Fleta, Lunatic-Hai's new DPS, is robotic but electric

Lunatic-Hai DPS Kim "Fleta" Byeong-seon speaks following his team's victory at the Seoul Cup. Fleta might be robotic on camera, but he's one of the must-watch players in Overwatch right now. Provided by OGN Global

It's hard to pinpoint when the fog started clearing, but over the last few years, the Western myth of South Korean players being gaming "robots" with no personality has mostly been vanquished.

With many South Korean players joining foreign teams, receiving more English media attention and featuring in an ever-increasing amount of subtitled video content, it has become almost impossible for the informed fan to maintain that they all are emotionless cyborgs. This development, however, allowed us to identify the handful of actual humanoids, the players who somehow feel more robotic the more you learn about them -- which is, as it turned out, a fairly endearing personality in itself.

You know who they are; they're the ones that conduct postgame interviews after major wins as if they were discussing the weather at a bus stop. Sure, most of them manage to run "smile.exe" in front of trophies, but their detached, drifting tranquility gives them away.

Enter Lunatic-Hai's newest star DPS, Kim "Fleta" Byeong-seon. As he walks around backstage to pack up his gear, he looks calm, aloof, almost bored. Only three minutes ago, he had been basking in the thundering cheers of 1,500 fans celebrating the team's Seoul Cup victory on Sunday, but you wouldn't know it by looking at him. You would think he was heading to the library to study for midterms.

His demeanor could not be less reflective of his performance on this night. To say that it was stunning would be putting it mildly; never before in Korean Overwatch has a new recruit exerted such immediate dominance over a match, let alone over consecutive matches against two separate world-class teams. One coach from a rival team, in awe of Fleta's play, yelled out "Hot damn!" multiple times while watching the games.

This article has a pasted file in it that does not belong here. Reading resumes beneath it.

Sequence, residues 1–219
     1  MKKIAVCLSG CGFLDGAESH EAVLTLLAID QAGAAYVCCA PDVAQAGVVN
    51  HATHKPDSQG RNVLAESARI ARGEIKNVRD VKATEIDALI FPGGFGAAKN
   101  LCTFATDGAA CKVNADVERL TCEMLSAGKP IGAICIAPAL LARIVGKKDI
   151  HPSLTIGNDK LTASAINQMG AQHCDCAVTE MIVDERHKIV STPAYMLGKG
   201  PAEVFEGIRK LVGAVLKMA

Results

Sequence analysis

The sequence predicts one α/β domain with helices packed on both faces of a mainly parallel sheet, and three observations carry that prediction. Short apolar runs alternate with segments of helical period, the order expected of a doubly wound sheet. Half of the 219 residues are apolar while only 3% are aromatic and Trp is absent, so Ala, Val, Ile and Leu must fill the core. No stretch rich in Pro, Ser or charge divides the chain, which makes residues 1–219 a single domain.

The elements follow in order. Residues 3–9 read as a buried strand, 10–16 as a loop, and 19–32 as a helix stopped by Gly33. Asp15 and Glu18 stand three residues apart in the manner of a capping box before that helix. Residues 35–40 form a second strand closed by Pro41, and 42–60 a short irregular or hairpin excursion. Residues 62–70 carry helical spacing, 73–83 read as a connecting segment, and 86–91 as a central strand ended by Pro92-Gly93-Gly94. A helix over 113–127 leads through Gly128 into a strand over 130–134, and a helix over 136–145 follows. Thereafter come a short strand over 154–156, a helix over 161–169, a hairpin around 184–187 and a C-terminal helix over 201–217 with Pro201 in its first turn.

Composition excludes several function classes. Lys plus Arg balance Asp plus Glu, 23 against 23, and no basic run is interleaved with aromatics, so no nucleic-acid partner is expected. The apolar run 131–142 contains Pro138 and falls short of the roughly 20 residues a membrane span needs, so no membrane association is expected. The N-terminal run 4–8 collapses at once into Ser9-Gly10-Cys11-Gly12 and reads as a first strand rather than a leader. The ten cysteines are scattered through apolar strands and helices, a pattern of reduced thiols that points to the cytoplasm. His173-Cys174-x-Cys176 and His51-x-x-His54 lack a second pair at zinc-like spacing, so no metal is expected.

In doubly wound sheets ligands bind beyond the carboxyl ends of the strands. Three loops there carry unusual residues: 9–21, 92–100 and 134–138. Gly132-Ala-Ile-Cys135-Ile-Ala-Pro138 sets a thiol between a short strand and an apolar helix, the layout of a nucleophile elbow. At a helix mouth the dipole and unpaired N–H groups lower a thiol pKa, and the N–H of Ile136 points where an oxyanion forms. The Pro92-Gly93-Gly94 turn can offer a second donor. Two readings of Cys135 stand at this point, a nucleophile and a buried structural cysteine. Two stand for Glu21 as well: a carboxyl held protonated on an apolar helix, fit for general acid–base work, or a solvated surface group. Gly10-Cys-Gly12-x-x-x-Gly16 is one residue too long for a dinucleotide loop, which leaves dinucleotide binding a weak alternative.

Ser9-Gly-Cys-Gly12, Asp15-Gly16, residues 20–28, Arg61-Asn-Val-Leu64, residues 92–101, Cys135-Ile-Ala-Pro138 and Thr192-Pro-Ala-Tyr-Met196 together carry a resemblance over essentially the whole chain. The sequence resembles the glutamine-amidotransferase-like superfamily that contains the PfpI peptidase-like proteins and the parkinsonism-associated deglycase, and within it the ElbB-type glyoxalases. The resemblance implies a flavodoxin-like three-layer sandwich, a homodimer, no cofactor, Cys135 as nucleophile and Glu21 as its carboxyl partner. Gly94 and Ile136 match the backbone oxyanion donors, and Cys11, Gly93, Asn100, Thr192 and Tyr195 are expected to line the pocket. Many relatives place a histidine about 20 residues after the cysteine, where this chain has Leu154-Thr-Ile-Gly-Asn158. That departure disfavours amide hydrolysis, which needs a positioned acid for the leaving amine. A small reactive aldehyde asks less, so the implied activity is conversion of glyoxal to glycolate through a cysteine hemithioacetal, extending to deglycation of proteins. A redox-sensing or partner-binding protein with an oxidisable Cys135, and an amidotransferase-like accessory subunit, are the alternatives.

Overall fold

Displaying impeccable aim and composure on a wide range of heroes, both hitscan and projectile, he led his team to a cool $60,000 in prize money on the day of his debut, leaving a burning impression on fans and experts alike.

For most players this would at least put a spring in their step. But Fleta is categorically unperturbed.

Prior to joining Lunatic-Hai, Fleta played for three seasons on Flash Lux, a flimsy amateur organization with no money, no team house and only the shadow of a fan base. While he was far from a superstar when he first joined the team, he improved steadily over the months, collecting more and more accolades with each televised match. Unfortunately, the rest of the squad -- regardless of, or perhaps due to, its many roster changes -- seemed to regress at the exact same speed. The team ended up becoming a symbol for consistent mediocrity, each season just barely avoiding relegation from OGN Overwatch APEX, the premier league for the game.